Monday, December 30, 2013

Pillow Talk in Public: Is it Worth It?

By Karen Albright Lin




When we assess how our writing affects our families, we usually think of time spent locked away from the rascal kids and the deprived spouse who is left to kiss the boo-boos, clean the crusted dishes, and run the errands. We weigh the money spent on printer ink, research trips and conferences against the statistically low chance of the book being blessed with a publishing contract.

If we write memoirs, we may face the veritas challenge. Should we offer the truth, the whole truth and nothing but the truth? Or do we censor to keep the peace at home or protect the guilty? When I teach Writing Your Life workshops (as I will on the Thursday before PPWC in April), I suggest writing all the warts and determining later whether to pull back—for legal or personal reasons. No matter how we look at it, family relationships are important considerations.

I’ve just run into another family versus writing conundrum. I’ve written a lot of erotica short stories and flash erotica (the latter sounds like an oxymoron, doesn’t it?). I was preparing to make a collection of them available for purchase online. My husband asked me not to. I assured him I’d use a pseudonym. He still didn’t feel comfortable about it. He worried our sons might find them. Or others could trace the stories to me. In our private lives my husband is far from being a prude, but the subject is so personal to him, a modesty button was pushed. His comfort is important to me, so I won’t sell them.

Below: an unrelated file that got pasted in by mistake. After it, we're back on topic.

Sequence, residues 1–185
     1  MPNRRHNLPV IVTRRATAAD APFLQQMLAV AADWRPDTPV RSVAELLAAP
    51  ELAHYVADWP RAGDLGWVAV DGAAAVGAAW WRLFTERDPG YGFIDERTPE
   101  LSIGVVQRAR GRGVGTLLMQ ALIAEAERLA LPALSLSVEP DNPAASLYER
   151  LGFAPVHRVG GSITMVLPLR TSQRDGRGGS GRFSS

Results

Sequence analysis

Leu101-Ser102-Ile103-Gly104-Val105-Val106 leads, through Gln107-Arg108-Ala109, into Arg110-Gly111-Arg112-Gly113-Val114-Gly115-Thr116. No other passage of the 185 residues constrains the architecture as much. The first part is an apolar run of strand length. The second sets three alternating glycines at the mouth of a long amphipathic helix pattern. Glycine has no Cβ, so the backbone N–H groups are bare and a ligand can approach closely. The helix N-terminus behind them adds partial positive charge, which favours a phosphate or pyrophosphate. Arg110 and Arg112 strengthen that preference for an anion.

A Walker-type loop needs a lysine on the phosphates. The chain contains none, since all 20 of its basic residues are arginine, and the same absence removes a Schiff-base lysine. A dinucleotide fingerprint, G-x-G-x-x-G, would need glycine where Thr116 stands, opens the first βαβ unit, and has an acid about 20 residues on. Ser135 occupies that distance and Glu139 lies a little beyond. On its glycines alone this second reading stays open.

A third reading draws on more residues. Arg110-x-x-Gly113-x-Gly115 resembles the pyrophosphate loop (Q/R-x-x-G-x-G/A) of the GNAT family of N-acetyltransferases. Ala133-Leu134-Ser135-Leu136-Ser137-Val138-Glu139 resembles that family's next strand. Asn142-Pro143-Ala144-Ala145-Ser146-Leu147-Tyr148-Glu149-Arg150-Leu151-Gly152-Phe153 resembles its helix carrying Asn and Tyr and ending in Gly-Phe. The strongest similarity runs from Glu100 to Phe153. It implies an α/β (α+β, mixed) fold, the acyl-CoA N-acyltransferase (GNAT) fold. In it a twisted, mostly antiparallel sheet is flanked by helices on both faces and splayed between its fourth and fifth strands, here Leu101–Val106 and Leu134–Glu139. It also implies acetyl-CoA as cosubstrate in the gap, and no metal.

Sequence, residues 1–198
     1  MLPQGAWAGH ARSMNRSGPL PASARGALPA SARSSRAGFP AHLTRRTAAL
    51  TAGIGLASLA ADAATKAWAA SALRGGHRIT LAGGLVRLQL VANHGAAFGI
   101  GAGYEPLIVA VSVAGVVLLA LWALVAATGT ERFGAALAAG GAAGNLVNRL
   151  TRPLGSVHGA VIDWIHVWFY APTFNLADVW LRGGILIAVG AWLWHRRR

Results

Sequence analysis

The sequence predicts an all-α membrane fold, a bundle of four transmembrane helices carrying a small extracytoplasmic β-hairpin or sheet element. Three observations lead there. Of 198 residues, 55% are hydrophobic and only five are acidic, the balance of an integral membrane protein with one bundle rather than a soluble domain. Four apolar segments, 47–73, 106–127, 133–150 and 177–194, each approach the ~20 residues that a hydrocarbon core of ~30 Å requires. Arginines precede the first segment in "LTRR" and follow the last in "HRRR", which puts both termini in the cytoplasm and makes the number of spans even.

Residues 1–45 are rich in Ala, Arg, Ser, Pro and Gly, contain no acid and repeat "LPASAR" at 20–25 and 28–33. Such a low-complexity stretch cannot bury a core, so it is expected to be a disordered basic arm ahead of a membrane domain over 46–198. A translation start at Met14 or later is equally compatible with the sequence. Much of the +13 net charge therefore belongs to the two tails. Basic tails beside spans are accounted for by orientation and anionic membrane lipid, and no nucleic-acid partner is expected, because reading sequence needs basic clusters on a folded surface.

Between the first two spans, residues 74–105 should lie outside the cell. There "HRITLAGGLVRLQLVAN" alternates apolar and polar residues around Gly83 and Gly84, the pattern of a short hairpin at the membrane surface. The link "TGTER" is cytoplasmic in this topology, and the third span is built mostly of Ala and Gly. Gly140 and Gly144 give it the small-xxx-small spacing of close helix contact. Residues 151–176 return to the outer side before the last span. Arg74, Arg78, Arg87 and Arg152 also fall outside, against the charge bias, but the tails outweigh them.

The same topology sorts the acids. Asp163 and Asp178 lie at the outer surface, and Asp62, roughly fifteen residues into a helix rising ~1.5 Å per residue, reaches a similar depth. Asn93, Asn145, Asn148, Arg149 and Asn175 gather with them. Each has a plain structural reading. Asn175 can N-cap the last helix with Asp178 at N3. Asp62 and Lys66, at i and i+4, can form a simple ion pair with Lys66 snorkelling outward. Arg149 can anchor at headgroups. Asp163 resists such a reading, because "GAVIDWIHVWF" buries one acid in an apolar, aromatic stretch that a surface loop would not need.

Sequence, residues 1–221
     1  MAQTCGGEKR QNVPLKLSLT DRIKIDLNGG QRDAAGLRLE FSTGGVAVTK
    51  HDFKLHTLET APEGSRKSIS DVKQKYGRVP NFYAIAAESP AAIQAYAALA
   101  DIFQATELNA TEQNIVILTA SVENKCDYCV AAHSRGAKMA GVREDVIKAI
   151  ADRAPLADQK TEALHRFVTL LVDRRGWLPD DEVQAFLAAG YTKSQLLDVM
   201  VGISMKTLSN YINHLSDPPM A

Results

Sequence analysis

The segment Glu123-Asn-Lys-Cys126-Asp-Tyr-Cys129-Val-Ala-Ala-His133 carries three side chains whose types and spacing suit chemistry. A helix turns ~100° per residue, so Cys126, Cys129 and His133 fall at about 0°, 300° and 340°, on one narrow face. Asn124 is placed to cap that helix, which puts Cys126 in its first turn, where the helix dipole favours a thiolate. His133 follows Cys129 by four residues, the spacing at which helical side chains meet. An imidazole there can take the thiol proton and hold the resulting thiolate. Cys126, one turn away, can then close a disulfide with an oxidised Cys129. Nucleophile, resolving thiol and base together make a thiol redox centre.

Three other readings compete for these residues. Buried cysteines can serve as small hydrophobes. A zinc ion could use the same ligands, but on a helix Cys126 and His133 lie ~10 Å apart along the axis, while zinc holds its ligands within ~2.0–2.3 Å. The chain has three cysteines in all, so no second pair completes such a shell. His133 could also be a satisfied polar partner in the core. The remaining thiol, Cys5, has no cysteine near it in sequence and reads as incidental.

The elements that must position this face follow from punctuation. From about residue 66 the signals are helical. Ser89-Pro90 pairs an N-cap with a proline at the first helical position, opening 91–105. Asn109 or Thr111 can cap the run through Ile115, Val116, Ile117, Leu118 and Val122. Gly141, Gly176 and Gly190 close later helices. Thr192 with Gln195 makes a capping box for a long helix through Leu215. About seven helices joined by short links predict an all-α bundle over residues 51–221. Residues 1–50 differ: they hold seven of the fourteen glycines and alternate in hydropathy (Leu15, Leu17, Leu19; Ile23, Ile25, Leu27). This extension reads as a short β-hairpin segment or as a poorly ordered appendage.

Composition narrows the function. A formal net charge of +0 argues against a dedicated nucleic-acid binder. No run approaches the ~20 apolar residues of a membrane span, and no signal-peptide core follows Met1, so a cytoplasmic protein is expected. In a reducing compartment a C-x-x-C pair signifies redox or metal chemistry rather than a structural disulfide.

Before you frown with empathy or cringe with peer indignation, you should know I have no regrets. I had a blast writing them and I believe no writing is time wasted. Special skills come from writing erotica: splatting down the truth with courage, avoiding stereotypes and clich├ęd euphemisms, and most fun—delaying the payoff. Wink, wink, suggestive smile.


About the Writer:  Karen is an editor, ghostwriter, pitch coach, speaker and award-winning author of novels, cookbooks, and screenplays. She’s written over a dozen solo and collaborative scripts (with Janet Fogg, Christian Lyons and director Erich Toll); each has garnered international, national and regional recognition: Moondance Film Festival, BlueCat, All She Wrote, Lighthouse Writers, Boulder Asian Film Festival, SouthWest Writers Contest, and PPW Contest. Find out more at www.karenalbrightlin.com.

2 comments:

  1. This is really interesting to read! Nice to know about Karen.

    www.modernworld4.blogspot.com

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    1. Thanks Gina. Glad you found it interesting. It is a very personal thing, what we are willing to say aloud. But isn't that true in so many walks of life.

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